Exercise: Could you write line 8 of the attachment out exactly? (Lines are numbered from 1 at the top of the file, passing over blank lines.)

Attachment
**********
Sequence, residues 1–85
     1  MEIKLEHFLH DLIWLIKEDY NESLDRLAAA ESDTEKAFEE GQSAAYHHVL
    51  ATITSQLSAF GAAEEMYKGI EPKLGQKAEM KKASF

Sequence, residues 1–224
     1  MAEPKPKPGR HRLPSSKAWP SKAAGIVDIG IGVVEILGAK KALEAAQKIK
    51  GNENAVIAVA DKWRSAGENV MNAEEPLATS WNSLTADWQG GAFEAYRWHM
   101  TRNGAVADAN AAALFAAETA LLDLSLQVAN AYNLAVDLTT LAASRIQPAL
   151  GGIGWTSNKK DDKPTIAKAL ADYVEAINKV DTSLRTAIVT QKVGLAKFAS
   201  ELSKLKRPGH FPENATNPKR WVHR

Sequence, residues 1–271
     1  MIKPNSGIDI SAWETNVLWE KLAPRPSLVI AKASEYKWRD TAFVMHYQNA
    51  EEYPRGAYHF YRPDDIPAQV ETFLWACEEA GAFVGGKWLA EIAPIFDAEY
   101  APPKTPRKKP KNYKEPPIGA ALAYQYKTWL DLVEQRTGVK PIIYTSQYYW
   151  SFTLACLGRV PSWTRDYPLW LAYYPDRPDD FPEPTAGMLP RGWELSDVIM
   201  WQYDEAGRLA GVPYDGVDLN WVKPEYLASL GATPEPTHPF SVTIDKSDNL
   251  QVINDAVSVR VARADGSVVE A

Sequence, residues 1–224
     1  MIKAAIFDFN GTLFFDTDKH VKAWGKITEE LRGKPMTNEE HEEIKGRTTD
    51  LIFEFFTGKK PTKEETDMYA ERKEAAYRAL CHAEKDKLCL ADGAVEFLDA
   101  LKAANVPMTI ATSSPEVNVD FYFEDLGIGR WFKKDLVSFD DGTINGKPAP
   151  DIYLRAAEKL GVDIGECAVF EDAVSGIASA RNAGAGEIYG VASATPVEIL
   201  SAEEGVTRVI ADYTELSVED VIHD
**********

   151  GGIGWTSNKK DDKPTIAKAL ADYVEAINKV DTSLRTAIVT QKVGLAKFAS